CPP child rearing dropout – The good
The Child Rearing Dropout (CRDO) provision of the Canada Pension Plan (CPP) isn’t an actual benefit paid on its own, but it is an important provision nonetheless. The CRDO provision is generally helpful, but the actual impacts of it aren’t always fair. This article is the first of a three part series on the Good, the Bad and the Ugly aspects of the CRDO provision.
- The CRDO can help someone meet the eligibility criteria for disability or survivor benefits (the Good), and it can also increase the amount of these benefits and increase the amount of retirement pensions (also the Good).
- The legislative provisions governing the CRDO have some flaws and weaknesses that result in some gender inequities (the Bad) and it generally doesn’t work well if both parents share the child-rearing responsibilities (also the Bad).
- In combination with another feature of the CPP known as the Division of Unadjusted Pensionable Earnings (DUPE) provisions, the CRDO often results in a significant net loss of benefits to the “couple” (the downright Ugly).
Who is eligible for the CRDO and when does it apply?
Service Canada will tell you that the Child Rearing Dropout can be claimed by whichever parent was the “primary caregiver” for a child under the age of seven. I’ll explain in Part II (The Bad) why that isn’t always the case, but for now let’s pretend that’s the truth and let’s call that person the qualified parent.
The CRDO is intended to apply when a qualified parent stays home or works only part-time while raising a child under the age of seven. I’ll explain in Part III (The Ugly) why that isn’t always the case, but for now let’s pretend that’s the truth.
The period of CRDO eligibility starts with the month following the birth of the child, and ends with the month that the child turns seven. If you have more than one child and the children are born less than seven years apart, the period of eligibility starts the month following the birth of the oldest child and ends the month that the youngest child turns seven. For example, if you had three children born July 1970, April 1973 and May 1976, the period of CRDO eligibility would start August 1970 and end May 1983.
Within the above age limit period, you can only claim the CRDO for periods when the child was eligible for either the Family Allowances (for periods up to December 1991) or the Child Tax Benefit (for periods since January 1992). This generally means that you and the child were living in Canada at that time, or if you were outside of Canada that you were working for the Canadian government or military.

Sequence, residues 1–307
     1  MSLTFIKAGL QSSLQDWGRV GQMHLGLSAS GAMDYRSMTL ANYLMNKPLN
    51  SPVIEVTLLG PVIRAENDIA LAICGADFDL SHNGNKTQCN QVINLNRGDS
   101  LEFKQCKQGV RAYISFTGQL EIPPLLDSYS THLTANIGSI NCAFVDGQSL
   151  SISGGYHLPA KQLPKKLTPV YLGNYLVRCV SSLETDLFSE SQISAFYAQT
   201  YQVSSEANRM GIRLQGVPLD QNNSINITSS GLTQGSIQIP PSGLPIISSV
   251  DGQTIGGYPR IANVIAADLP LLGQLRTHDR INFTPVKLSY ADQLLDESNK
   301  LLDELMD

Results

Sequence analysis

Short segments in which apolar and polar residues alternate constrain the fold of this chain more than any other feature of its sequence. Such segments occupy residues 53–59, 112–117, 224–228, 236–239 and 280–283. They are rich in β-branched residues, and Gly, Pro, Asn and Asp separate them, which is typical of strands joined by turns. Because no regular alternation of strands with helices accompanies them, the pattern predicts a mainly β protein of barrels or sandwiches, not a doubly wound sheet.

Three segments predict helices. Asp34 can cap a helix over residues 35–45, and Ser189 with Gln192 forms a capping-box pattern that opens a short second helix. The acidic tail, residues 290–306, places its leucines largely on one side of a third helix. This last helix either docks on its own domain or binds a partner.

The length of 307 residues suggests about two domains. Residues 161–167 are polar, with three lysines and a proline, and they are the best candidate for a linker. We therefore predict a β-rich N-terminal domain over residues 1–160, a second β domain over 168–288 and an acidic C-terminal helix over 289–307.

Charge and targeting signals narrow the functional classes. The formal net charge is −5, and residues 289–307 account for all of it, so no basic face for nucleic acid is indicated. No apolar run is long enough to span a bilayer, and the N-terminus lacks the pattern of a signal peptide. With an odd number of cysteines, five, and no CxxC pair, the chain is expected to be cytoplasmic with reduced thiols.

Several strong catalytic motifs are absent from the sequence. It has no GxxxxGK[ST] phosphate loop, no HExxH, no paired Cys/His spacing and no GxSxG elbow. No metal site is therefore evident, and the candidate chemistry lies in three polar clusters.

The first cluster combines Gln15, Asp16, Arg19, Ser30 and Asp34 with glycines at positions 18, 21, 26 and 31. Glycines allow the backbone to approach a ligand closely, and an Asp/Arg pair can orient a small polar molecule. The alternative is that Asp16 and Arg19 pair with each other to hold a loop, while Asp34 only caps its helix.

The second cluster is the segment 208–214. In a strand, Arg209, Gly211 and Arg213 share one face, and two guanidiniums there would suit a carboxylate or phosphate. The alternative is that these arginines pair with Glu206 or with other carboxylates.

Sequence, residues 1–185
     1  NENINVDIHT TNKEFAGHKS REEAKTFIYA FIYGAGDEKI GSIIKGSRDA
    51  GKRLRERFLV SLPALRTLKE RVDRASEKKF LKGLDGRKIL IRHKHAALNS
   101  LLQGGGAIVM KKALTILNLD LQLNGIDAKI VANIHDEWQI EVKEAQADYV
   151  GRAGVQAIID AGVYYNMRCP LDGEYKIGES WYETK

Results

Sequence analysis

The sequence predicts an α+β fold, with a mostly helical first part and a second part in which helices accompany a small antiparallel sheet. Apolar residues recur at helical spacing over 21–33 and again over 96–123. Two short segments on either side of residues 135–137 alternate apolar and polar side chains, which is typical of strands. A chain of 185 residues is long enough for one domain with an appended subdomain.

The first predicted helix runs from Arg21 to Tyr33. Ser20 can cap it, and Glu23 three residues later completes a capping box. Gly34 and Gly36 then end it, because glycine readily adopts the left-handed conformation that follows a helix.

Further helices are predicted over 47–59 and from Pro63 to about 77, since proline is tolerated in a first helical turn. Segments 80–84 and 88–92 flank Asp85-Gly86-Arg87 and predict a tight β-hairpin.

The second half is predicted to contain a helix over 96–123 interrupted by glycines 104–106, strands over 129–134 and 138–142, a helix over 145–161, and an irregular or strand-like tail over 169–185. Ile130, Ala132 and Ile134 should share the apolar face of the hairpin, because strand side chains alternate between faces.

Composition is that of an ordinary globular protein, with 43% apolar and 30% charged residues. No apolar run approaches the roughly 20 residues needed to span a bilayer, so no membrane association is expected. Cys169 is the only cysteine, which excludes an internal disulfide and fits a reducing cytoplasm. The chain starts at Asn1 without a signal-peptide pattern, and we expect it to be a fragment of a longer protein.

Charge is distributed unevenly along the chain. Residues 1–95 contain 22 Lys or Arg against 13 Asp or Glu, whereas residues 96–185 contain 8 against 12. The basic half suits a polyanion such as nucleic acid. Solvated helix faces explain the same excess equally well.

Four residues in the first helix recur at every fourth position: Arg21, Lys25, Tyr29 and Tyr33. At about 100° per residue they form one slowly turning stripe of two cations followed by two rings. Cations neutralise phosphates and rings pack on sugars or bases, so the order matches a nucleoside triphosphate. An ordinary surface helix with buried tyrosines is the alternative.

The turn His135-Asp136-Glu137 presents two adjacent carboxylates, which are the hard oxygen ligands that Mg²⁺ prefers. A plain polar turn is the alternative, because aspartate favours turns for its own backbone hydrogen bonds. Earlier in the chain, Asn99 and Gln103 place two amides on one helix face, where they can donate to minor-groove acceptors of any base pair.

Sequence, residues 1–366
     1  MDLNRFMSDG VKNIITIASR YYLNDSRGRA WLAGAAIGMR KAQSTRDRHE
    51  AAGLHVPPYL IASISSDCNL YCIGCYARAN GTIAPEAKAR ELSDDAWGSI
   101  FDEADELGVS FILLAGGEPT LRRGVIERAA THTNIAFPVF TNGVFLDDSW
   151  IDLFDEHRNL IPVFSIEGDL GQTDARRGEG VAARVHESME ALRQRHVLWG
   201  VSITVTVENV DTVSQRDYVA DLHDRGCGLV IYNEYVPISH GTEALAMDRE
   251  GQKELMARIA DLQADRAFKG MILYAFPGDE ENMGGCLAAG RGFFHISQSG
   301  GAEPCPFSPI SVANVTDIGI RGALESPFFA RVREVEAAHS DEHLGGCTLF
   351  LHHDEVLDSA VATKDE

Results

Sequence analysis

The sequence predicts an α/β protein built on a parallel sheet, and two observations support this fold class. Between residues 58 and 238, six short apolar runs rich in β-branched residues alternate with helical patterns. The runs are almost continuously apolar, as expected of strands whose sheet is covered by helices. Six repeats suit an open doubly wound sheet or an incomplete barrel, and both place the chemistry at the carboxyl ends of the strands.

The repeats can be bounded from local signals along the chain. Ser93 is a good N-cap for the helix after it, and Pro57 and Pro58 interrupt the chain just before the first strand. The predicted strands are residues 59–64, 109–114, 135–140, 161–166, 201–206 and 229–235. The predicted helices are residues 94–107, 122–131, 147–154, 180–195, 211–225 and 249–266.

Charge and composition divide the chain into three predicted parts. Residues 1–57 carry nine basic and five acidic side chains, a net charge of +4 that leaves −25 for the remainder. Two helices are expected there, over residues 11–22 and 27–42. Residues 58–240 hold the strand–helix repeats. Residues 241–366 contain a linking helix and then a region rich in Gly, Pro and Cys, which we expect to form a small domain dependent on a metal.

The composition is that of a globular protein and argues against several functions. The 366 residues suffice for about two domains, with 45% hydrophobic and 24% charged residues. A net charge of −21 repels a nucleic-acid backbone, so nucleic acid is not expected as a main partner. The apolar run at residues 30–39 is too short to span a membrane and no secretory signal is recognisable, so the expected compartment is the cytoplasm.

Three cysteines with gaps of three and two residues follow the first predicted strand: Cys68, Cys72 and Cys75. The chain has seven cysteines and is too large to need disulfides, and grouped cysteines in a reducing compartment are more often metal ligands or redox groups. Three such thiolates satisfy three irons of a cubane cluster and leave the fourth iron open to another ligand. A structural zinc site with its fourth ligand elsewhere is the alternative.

The CRDO is not automatic. The qualified parent must complete a separate form (ISP 1640) when applying for a CPP benefit.
If you are eligible for the CRDO and did not complete this form when you applied for your CPP benefit, it can be submitted later. It is fully retroactive.
How does the CRDO work?
The Child Rearing Dropout is actually a two-step process. The first step (I’ll call this CRDO 1), allows a qualified parent to exclude any years from their contributory period where their earnings were less than the Years’s Basic Exemption (generally $3,500). By excluding these years from their contributory period, CRDO 1 can help someone meet the eligibility criteria for disability and survivor benefits. It will also increase the amount of those benefits and increase the amount of their retirement pension.
The second step (I’ll call this CRDO 2) allows a qualified parent to increase the amount of their CPP benefits by dropping out periods of time where their earnings were less than their “average lifetime earnings.” You may want to check out an earlier article that I wrote on how to calculate your CPP retirement pension to learn more about what your average lifetime earnings means, and how dropouts work.
Now let’s look at a couple of examples that demonstrate how the Child Rearing Dropout works.
Nancy worked part-time while attending university, and then full time for 10 years after she graduated. She then had a daughter and stayed home to look after her until the child started school. At that time she got a part-time job, but was permanently disabled two years later.
Without the CRDO, Nancy would have been denied a CPP disability benefit, because she would not have met the requirement of having made contributions in four of the last six years in her contributory period. However, under CRDO 1, she does meet the requirement because she can exclude the five years that she stayed home to look after her daughter. Furthermore, when her CPP disability benefit is calculated, she can drop out the last two years of part-time earnings under CRDO 2 and thereby increase the amount of her disability benefit.
Susan worked full time for a couple of years after completing high school, and then had two children, born June 1969 and December 1972. She worked part-time until the second child turned seven, and then went back to work full time and earned more than the Year’s Maximum Pensionable Earnings every year until she turned age 60, at which point she retired.
Without the Child Rearing Dropout, Susan’s CPP retirement pension at age 65 would be significantly affected by the 10.5 years of part-time earnings that she had while raising her children, because the general dropout would allow her to drop out only the five years of zero earnings after age 60, plus three of the lowest years of part-time earnings. By dropping out all of those 10.5 years under CRDO 2, however, and by using the general dropout to drop out the five years of zero earnings after age 60, Susan can receive a maximum CPP retirement pension.
Watch this website in the coming months for Part II (CRDO − The Bad) and Part III (CRDO − The Ugly).